The recent subpoenas by the Florida Attorney general to major prepaid cardproviders again highlight the need for transparency in theprepaid card industry. The concern for the Florida AttorneyGeneral, and for a number of other prepaid industry watchers, iswhether or not consumers are being charged so-called ‘hidden’ feeson their cards.
The industry must strike a delicate balance when answering thesecharges, because most companies offer clear disclosure for theircards. However, they must always be alert for any place whereconsumers might become confused or where something might get buriedin the extensive language of a terms and conditions document. If acompany gets a lot of calls and complaints about a particular fee,at the minimum, it needs to address the disclosure of that fee, andat the maximum needs to consider eliminating it all together.
That said, these companies cannot be held accountable for consumerswho do not read the terms and conditions or who do not payattention to the ways in which they use the cards. There is aninstinct to protect the consumer on the part of government, but itis akin to speed limits. The speed limit is clearly disclosed, butthat doesn’t mean that consumers won’t exceed it. (Though consumersdon’t always know in advance how much they will pay in fees fordoing so.)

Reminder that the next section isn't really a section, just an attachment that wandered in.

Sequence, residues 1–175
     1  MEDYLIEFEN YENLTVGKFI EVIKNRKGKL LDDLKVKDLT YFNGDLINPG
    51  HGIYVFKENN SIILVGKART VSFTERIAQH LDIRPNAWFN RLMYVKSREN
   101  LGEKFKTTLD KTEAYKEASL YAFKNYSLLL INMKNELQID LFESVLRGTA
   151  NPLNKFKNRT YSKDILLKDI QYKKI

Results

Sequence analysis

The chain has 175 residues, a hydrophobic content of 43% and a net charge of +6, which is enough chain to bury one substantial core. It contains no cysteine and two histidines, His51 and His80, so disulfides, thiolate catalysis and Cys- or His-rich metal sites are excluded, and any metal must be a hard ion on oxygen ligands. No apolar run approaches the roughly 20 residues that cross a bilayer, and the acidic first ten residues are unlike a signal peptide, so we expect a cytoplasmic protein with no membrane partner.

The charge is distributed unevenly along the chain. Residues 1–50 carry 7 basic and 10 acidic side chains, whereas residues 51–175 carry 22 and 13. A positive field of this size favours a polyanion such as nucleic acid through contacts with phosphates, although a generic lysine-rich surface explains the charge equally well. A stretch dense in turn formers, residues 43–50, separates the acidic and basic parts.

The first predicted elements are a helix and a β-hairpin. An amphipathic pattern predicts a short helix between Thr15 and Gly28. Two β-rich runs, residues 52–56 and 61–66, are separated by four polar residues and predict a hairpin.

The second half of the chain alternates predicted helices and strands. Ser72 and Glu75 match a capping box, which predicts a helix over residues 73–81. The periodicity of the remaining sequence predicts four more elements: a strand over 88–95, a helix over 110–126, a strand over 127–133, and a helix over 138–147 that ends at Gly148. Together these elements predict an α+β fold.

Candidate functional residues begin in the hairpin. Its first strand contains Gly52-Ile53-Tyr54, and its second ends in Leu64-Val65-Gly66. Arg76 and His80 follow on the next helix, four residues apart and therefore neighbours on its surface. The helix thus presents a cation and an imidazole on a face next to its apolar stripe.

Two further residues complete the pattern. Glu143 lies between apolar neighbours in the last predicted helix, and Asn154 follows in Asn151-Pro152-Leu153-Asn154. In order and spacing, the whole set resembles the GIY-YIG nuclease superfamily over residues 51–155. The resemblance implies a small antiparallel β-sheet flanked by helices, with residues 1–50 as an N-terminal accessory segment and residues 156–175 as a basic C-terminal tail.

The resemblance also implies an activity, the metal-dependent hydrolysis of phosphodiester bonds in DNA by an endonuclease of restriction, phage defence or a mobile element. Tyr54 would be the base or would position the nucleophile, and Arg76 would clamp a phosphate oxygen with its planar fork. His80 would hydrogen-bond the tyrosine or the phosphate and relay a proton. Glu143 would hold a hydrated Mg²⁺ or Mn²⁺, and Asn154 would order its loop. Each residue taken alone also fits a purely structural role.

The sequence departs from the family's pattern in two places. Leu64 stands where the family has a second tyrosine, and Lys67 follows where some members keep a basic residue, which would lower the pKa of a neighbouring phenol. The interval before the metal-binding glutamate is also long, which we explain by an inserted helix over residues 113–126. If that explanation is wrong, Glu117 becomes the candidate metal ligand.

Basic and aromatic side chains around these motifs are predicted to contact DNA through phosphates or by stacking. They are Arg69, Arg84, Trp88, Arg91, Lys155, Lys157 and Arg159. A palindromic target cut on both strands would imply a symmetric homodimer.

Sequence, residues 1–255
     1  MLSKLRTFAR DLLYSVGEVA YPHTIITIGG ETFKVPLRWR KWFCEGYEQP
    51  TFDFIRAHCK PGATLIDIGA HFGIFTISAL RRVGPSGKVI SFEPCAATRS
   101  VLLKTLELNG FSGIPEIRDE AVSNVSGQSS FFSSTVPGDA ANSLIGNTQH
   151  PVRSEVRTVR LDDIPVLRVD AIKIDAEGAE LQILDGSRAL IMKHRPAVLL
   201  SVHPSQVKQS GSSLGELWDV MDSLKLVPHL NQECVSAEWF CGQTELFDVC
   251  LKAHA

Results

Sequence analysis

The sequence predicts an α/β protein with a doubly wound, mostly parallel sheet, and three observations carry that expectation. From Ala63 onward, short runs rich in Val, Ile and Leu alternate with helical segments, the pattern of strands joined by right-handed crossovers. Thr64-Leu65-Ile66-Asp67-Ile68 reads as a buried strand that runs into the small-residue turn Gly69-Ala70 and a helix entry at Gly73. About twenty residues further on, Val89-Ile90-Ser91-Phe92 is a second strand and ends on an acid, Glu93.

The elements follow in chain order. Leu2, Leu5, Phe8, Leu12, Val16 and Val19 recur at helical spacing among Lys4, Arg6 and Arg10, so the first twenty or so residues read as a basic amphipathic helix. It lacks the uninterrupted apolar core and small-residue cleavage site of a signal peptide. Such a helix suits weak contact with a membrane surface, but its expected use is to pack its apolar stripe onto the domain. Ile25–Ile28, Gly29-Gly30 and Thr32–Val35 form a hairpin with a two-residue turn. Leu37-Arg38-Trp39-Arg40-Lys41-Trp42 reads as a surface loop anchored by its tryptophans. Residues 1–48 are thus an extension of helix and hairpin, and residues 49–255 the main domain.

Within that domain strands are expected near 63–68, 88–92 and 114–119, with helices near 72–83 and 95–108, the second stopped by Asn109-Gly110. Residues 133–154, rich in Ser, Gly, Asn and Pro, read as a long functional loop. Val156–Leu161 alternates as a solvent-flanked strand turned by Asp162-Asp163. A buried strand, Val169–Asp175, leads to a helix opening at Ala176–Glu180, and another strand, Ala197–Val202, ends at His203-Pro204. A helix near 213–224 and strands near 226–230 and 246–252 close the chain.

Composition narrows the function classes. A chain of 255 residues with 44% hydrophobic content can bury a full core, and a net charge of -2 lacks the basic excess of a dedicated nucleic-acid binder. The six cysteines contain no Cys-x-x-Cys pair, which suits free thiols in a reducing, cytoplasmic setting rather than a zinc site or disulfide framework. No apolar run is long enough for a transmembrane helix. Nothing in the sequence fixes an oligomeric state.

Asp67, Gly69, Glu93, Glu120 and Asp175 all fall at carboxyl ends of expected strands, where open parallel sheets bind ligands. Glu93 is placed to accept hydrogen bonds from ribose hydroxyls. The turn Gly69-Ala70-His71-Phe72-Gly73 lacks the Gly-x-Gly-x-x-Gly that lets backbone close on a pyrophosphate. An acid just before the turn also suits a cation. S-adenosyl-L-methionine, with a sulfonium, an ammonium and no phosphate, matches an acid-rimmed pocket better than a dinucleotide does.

Prepaid card companies also need to be transparent at a high level.They need to be able to disclose to the government and the mediahow important their industry is by showing its size and diversity.Once it becomes clear that there are millions of cards in use thatare not leading to unfair charges against consumers, and thosecards are put to uses ranging from delivering food stamps to payingwages to helping people manage budgets, it becomes a lot easier toexplain why prepaid cards should not be legislated out ofexistence.